There’s none of this “I agree with Nick” anymore, is there? Instead, Cameron and Brown are advancing on Clegg in a pincer movement. It’s hugely flattering for Clegg that they’re taking him seriously. A hung parliament still appeals as it would check a swing to the right under a Tory government. I don’t think it would hit construction spending – a Tory majority would be much worse in terms of cuts. Neither would it scare the markets and hit private sector investment in construction – after all, the markets are up today. I may or may not vote Lib Dem, though, as I’m a fan of my local MP, who is Labour’s Harriet Harman.
Neil Dower of Conamar
The jury has been out for the
past two weeks; this week, it’s still out but he’s tilting slightly to the Tories.
Yesterday was a day of baby kissing but I think we’ve had enough of that; it’s time to talk policy. The news this week that construction is going to be in recession until 2011 means it is even more vital we know the parties’ spending plans. This third debate is likely to make up my mind because it will focus on the economy, which for me is the critical issue. I’m hoping we’ll hear some proper detail.
Chris Fennell of Curtins Consulting
Favoured Labour in the first week; dipped a toe into the yellow surge last week; this week: still Lib Dem.
Cameron puts me right off. The more I see of him in these debates the more I think he’s evasive. Gordon Brown, on the other hand, gives the impression he knows what he’s about and he is the clearest on what he will actually do. He says he would carry on the way we are now to bring us out of recession, and I like that. I have to admit I’m being charmed by Clegg, though. He comes across well on TV and I agree that we don’t need to spend billions on Trident. His demand for electoral reform also impresses me.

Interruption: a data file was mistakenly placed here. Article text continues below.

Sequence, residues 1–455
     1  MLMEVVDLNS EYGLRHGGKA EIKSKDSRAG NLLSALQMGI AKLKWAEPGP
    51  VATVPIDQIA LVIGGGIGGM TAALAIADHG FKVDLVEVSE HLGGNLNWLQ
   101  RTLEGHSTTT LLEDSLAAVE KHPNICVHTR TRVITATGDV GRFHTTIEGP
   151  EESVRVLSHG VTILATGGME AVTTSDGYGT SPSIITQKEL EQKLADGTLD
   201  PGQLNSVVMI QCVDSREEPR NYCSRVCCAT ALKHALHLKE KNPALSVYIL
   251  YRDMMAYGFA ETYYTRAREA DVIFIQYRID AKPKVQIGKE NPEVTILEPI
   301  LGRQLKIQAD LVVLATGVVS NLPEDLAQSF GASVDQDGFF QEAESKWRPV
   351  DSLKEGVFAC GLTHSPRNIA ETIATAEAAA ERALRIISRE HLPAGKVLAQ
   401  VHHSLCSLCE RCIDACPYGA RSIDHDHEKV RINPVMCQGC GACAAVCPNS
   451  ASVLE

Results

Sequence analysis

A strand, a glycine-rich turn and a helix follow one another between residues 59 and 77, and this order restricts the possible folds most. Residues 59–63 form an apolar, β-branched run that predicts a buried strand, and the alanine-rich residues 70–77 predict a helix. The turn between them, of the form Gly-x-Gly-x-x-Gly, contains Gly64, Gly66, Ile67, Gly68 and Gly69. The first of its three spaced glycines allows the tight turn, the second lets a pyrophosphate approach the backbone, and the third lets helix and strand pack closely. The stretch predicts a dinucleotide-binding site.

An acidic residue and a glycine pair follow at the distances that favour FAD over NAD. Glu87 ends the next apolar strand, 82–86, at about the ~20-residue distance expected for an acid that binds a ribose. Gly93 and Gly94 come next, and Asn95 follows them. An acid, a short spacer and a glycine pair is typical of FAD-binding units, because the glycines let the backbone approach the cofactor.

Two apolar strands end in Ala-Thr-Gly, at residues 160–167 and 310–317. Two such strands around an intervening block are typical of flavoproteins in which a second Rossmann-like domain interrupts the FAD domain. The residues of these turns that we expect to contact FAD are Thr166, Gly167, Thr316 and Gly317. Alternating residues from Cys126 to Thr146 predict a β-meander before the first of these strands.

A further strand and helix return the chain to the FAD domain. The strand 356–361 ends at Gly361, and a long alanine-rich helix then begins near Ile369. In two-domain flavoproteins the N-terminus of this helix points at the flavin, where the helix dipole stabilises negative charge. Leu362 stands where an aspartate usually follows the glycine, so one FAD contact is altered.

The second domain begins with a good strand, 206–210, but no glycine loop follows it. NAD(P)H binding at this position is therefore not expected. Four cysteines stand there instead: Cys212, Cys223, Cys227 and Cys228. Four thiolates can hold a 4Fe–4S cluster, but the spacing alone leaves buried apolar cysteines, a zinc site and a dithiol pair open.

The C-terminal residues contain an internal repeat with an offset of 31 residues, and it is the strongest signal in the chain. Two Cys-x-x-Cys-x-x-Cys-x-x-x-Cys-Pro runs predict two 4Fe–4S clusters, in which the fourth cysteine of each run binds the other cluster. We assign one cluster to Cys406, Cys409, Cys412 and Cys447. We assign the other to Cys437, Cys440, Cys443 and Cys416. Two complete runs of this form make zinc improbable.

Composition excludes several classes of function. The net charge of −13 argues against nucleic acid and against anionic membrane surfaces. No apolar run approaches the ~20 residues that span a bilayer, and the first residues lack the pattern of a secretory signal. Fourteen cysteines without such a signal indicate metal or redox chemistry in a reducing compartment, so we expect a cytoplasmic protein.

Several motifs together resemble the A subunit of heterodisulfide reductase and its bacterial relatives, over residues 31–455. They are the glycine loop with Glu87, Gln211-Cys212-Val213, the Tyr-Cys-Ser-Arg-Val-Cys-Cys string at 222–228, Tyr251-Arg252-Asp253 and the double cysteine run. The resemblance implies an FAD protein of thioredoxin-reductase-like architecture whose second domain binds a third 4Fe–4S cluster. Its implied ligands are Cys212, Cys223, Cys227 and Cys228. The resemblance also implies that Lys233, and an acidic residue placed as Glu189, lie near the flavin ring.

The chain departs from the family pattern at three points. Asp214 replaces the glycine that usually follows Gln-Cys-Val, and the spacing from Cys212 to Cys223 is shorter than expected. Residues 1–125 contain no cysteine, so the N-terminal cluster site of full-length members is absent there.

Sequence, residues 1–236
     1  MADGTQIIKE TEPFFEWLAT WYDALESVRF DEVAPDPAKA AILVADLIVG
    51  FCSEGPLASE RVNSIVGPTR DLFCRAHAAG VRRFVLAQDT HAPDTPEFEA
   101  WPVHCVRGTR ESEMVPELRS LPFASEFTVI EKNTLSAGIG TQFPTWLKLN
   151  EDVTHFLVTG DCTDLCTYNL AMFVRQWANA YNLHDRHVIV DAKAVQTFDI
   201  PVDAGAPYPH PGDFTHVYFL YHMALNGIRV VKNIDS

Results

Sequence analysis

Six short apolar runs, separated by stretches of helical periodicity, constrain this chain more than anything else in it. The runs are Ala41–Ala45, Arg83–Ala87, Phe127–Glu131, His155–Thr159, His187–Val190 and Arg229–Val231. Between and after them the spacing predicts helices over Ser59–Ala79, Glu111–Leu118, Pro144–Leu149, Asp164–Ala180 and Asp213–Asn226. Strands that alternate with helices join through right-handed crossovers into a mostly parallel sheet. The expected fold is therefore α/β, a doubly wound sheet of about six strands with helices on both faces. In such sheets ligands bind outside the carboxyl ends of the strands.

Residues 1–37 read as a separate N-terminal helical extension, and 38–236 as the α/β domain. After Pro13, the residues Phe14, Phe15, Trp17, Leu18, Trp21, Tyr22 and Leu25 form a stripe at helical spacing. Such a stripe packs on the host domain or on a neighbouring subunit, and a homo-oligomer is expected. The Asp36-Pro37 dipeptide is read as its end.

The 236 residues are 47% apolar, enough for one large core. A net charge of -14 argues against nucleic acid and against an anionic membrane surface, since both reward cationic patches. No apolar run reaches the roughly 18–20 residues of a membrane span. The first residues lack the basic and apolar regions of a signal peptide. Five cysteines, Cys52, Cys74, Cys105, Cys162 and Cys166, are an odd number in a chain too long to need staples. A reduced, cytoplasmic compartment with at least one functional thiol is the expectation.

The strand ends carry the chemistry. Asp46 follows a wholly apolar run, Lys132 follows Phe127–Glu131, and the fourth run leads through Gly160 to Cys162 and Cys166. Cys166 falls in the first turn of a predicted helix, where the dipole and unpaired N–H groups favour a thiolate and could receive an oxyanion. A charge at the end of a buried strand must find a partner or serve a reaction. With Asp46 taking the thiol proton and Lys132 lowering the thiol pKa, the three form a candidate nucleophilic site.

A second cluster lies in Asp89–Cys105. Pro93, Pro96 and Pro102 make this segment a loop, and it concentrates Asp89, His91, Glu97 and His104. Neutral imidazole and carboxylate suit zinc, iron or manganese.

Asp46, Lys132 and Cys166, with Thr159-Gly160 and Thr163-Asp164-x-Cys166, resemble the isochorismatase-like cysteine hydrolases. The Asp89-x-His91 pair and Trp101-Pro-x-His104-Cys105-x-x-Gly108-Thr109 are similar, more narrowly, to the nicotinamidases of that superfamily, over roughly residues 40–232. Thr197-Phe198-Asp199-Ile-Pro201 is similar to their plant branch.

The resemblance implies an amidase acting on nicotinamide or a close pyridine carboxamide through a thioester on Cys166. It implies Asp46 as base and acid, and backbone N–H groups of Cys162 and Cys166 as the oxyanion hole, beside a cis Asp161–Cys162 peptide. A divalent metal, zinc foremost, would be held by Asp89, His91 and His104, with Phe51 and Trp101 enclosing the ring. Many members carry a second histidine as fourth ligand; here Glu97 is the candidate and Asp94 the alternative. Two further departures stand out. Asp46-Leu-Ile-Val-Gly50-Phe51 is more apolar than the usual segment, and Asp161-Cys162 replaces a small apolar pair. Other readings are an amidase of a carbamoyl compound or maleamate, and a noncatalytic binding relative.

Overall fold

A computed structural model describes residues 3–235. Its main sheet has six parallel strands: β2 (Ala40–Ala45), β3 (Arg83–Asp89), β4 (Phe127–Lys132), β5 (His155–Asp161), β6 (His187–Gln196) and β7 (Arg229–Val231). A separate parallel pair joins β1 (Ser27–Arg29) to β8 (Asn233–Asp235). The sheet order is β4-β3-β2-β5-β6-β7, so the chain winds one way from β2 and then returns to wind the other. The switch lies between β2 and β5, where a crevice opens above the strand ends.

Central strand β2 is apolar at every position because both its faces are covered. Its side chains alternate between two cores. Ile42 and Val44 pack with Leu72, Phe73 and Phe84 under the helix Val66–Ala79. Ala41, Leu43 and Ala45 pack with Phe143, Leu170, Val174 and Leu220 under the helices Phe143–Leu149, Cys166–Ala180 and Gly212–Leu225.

Simon Flatt of Flatt Consulting
Began by writing off Clegg for his blancmange-like qualities, but changed his mind after the first debate. This week he’s veering towards Labour
I thought the second debate made Gordon Brown look like the chief dog and the other two puppies. Cameron still comes across as having no substance but Clegg is looking a bit that way too. Brown gives you facts and figures, which is more convincing. A hung parliament would worry me because it could delay the actions that must be taken to get construction out of recession. On the other hand, it would be good to combine Brown’s experience with some of the sensible things that both Cameron and Clegg are saying.